University of Calgary: Game-changer for UCalgary researchers in data analytics

There’s an increased demand for projects leveraging data analytics in the public policy space. Datafication now permeates every aspect of public service work in international organizations, national and regional governments, and even in municipalities. From collecting data, protecting citizens’ privacy while promoting accountability and transparency, providing data-focused tools for decision-making and policy evaluation, encouraging better, adaptive, and personalized programming to facilitate government-citizen relations, we are progressively noticing the automation of public policy.

As big data is becoming ever increasingly central to public policy, the School of Public Policy (SPP) has started a long process of building its expertise in data analytics, developing courses focusing on data analytics and public policy, and building its computational resources.

Dr. Jean-Christophe Boucher, PhD, assistant professor at the SPP and the Department of Political Science, recognized the importance of using machine learning methods (a form of artificial intelligence that makes predictions from data) in his research early on and has applied that approach to a variety of his projects. One of his specialties is applied machine learning to text analysis, using a combination of supervised and unsupervised deep-learning models in natural language processing.

Growing presence in big-data world
“Evidence-based decision-making is taken to a new level by data analytics. J-C Boucher’s research team and our new powerhouse server give our School a growing presence in the world of big data,” says Peter MacKinnon, interim director, the School of Public Policy

The international research group led by Boucher has grown exponentially this past year. Boucher’s work has attracted interest from several government agencies. His research is being funded by the Department of National Defence to study misinformation; the Social Science and Humanities Research Council (SSHRC) to understand civil-military relations in Canada; Alberta Health Services; and grants from Alberta Innovates, the Vaccine Confidence Fund, and Merck to study vaccine hesitancy on social media.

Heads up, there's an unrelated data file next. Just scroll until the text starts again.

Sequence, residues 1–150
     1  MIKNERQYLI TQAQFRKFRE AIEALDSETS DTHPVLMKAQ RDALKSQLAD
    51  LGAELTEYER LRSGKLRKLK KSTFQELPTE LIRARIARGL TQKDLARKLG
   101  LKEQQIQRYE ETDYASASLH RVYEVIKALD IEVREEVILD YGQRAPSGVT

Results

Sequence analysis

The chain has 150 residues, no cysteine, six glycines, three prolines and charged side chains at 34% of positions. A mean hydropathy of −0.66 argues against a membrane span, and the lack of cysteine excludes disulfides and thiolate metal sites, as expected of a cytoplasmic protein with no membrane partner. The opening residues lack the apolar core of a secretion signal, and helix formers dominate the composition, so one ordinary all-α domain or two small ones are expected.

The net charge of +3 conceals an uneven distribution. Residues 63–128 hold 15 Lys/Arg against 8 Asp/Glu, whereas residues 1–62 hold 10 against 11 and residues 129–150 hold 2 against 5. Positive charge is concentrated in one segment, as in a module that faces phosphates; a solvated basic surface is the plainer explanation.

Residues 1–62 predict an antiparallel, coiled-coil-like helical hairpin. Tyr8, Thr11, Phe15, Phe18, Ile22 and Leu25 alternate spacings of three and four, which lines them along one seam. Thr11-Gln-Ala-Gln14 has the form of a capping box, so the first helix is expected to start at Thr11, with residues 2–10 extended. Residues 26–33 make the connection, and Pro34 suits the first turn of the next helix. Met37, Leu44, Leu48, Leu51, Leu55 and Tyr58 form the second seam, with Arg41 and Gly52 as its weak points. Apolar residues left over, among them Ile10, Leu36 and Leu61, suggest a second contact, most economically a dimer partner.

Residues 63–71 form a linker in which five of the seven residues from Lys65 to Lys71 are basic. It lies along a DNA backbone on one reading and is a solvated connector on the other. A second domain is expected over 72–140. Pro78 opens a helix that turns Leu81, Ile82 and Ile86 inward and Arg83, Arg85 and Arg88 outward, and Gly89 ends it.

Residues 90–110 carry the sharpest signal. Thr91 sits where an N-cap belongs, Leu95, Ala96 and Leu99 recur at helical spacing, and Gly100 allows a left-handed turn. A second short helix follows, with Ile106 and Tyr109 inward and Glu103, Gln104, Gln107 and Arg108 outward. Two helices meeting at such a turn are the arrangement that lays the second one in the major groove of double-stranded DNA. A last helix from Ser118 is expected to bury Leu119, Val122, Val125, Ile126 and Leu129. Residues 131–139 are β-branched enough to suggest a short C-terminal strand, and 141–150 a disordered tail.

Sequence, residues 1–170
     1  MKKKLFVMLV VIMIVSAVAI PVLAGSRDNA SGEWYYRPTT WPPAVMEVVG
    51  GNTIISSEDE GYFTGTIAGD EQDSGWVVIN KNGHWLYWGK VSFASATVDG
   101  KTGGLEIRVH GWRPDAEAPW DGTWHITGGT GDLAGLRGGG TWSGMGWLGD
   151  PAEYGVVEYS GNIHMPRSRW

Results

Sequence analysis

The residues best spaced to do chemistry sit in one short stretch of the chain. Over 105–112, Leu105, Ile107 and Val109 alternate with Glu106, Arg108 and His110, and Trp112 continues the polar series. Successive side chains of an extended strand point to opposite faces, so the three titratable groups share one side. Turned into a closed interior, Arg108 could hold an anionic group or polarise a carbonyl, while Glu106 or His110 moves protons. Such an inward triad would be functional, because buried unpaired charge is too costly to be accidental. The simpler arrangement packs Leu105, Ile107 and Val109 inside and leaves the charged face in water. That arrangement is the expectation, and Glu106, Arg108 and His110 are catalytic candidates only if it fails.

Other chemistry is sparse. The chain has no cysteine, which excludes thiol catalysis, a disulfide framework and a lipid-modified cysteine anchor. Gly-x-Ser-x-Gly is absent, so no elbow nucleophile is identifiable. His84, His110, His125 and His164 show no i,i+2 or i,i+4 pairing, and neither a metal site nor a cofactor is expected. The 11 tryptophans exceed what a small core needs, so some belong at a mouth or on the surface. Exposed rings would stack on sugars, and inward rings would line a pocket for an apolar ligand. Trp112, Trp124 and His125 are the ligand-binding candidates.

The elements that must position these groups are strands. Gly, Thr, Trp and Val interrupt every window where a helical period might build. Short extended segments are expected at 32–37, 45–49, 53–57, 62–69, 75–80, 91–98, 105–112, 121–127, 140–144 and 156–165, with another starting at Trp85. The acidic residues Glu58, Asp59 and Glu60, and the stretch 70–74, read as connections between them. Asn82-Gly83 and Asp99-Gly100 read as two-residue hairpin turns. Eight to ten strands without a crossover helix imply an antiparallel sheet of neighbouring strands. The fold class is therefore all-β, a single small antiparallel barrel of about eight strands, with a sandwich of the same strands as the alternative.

However, processing very large amounts of data often takes considerable time. Initially, the team was using advanced research computing (ARC) at UCalgary, a high-performance computing resource available to UCalgary researchers. ARC is shared with other departments, meaning longer wait times, and only one job can run at a time for 24 hours due to ARC’s time limitations.

Processing complex algorithms made easy
With the growing needs of his team, Boucher and Abdel Yousif, director of research computing services had to find a solution. In November 2021, a decision was made to purchase a separate partition (nicknamed KABY), which would allow the team to run several jobs simultaneously with no limitations.

“Processing complex, graph-based algorithms with large sets of data requires extensive computer and memory resources. With millions of graph vertices and edges in the research that Dr. Boucher’s team is performing, there was a need to build a custom server to meet the processing demand of such complex problems.

“The new server (with 8TB of RAM) will help accelerate the processing of graph algorithms by keeping so much data close to the CPU which in turn reduces execution time significantly,” says Abdel Yousif, director, research computing services, Information Technologies, UCalgary

This purchase is significant to the University of Calgary as it allows the SPP team to perform large computations uninterrupted. When not in use, KABY can be made available to other research groups at the university, providing additional resources for their computational needs.

Having a large team of specialized data analysts, software engineers and policy researchers was one part of the equation. Adding a super powerful machine, which performs significantly faster, makes the whole team stronger and more efficient. These improvements increase the likelihood of attracting more grant funding for the study of misinformation and its effects on national defence and security.

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